Due to the varying risk of biological agents, the facilities that handle these agents need to be designed and classified according to specific special wastewater treatment specifications.

Issue: 11/02

(Editor's Note: Due to difficulties with the graphic representation of the figures referenced in this article, please see the print edition to view the figures.)

West Nile Virus and Anthrax deaths, along with the incidents of mad cow disease and terrorist threats in the wake of September 11, have brought the subject of biosafety to the forefront. Funding for laboratories that deal with exotic and infectious diseases has increased, as has the scheduling of related seminars, conferences and trade shows.

At the heart of biosafety is the containment of hazardous agents through multiple levels of barriers. Primary barriers pertain to equipment such as gloves, gowns, masks, biosafety cabinets, respiratory protection and positive-pressure ventilation suits, as well as the use of good laboratory techniques. Secondary barriers are addressed through facility design with air-tight rooms, air handling and filtration, air locks, showers, laundry, sewage treatment, waste disposal, sterilizers, redundant services and equipment and material finishes. Tertiary barriers deal with the physical operation with items such as walls, fences, security and animal exclusion zones. Due to the varying risk of biological agents, the facilities that handle these agents need to be designed and classified accordingly.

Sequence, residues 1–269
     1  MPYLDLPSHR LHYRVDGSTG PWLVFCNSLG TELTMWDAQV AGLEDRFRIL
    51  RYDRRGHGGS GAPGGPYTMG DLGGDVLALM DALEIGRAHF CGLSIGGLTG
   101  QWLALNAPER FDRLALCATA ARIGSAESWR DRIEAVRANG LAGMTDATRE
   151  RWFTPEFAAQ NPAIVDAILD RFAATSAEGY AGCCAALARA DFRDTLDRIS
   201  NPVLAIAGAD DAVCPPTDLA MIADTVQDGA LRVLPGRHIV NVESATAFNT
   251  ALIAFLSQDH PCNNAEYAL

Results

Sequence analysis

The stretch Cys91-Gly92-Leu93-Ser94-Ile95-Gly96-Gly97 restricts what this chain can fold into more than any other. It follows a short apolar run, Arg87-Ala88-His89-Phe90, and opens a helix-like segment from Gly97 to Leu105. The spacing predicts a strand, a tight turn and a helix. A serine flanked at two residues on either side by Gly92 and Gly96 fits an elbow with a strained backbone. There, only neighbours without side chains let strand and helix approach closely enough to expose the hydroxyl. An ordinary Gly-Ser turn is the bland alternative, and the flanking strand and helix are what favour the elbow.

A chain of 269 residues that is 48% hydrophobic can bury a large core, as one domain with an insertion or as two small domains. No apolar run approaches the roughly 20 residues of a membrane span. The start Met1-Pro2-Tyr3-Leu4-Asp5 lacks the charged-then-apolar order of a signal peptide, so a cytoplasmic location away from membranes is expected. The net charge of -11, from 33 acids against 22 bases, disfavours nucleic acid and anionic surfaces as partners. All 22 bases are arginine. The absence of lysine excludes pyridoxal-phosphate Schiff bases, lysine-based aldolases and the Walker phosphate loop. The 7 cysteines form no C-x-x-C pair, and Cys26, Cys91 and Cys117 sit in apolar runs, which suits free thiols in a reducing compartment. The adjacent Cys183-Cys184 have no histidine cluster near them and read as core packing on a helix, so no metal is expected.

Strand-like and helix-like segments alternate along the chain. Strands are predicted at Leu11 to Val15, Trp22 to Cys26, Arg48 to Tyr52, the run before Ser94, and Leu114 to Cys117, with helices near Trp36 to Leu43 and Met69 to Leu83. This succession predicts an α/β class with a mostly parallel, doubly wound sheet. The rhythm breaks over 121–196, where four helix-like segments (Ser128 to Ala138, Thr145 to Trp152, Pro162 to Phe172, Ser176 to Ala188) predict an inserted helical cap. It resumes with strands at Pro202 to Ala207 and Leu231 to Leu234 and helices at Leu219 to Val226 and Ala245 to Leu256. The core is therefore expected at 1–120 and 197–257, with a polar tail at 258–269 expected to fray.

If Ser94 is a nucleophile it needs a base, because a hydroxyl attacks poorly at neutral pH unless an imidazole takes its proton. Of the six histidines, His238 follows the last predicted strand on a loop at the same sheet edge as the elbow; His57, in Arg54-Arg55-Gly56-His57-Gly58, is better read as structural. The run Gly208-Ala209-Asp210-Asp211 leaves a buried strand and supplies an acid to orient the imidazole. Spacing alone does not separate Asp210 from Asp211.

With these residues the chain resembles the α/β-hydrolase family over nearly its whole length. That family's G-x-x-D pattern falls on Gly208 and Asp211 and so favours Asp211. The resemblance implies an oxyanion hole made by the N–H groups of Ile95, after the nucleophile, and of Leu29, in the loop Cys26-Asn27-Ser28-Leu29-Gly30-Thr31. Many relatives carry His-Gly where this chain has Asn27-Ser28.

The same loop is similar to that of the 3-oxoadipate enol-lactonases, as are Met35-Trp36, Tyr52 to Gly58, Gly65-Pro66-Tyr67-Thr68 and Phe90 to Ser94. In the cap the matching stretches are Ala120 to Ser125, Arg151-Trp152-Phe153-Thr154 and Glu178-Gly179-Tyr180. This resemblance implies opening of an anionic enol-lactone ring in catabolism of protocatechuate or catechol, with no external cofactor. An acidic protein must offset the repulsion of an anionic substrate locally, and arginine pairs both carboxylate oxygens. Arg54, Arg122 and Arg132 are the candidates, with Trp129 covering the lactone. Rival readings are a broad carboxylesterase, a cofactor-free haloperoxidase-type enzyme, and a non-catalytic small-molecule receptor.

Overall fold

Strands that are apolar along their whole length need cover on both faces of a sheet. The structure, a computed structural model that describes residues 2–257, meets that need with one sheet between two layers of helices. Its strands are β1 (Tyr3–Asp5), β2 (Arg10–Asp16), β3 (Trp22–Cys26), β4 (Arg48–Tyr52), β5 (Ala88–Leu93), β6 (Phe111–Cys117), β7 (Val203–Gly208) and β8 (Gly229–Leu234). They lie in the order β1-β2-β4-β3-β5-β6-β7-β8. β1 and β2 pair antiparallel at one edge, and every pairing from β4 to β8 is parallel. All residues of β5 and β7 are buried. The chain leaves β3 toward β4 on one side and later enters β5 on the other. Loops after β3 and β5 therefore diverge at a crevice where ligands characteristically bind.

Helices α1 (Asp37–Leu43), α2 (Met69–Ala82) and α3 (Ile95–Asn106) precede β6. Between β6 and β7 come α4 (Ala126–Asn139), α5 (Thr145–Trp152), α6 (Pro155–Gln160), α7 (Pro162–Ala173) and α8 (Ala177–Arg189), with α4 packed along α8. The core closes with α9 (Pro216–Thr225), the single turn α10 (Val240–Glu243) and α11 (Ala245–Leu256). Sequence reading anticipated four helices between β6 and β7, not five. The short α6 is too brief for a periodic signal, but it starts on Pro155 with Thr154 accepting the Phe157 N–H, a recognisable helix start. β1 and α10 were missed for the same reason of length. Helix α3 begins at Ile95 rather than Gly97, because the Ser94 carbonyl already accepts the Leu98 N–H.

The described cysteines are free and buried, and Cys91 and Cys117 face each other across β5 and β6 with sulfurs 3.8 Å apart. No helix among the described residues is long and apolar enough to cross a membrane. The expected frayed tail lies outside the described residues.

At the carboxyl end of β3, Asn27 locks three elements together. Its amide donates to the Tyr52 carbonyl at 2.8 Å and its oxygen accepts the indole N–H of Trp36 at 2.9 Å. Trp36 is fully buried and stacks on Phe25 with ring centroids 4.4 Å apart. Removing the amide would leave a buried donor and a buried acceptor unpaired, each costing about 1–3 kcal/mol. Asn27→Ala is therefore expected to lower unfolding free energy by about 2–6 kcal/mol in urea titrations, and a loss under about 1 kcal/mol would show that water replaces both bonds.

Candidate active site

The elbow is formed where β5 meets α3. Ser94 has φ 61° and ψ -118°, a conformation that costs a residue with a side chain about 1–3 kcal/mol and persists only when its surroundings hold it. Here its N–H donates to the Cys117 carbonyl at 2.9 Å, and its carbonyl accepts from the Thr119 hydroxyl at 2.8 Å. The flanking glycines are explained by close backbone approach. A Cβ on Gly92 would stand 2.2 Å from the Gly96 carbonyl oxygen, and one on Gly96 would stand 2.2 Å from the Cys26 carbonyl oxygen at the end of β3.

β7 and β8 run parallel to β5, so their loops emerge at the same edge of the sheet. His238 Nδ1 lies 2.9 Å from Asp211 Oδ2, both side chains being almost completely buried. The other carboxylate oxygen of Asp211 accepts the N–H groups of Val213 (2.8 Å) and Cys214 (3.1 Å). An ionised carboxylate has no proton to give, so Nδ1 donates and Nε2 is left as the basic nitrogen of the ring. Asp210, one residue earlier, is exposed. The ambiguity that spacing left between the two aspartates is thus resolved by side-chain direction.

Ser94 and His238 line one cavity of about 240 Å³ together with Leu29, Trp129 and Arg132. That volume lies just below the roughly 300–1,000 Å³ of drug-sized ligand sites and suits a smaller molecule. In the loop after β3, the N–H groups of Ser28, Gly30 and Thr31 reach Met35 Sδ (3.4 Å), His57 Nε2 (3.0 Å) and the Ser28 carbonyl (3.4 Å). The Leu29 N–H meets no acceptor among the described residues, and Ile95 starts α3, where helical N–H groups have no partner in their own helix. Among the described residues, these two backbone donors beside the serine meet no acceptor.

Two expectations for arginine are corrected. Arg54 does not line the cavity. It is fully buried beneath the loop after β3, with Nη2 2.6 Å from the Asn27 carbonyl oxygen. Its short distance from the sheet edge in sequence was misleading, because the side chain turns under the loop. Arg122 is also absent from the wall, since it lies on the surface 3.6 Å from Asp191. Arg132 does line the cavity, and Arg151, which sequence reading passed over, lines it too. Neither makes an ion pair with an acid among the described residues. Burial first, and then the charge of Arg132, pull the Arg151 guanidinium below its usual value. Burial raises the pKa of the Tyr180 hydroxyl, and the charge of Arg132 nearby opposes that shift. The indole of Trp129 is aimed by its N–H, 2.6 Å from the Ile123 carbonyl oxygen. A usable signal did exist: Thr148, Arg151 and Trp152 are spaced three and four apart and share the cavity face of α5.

Liquid Wastes

Often, biosafety facilities will use experimental animals for researching vaccines and other countermeasures. Invariably, work with animals will involve the disposal of liquid wastes. Consideration must be given to the need for wastewater treatment, and the attributes of the treatment system. Certain issues should be considered when selecting technologies for treating liquid animal wastes, such as waste type and waste quantity. Types of liquid animal wastes may include liquid manure, urine, blood and other necropsy wastes and water from wash-down procedures. Other issues include the type of infectious agents, as many are resistant to certain chemical disinfectants, and the solids content of the liquid waste. Solids in wastewater can interfere with the effectiveness of both chemical and heat sterilization processes. Solids can react with and "consume" chemical disinfectants and reduce their ability to attack pathogens. Settling and scaling in treatment tanks can also interfere with heat transfer. Large bulk solids such as bedding can plug piping and strainers, interfering with the operation of pumps and valves. Hard, finer solids making their way through strainers can cause abrasion and wearing of pump seals. Decomposition of organic solids in storage tanks may lead to the corrosion of ferrous components.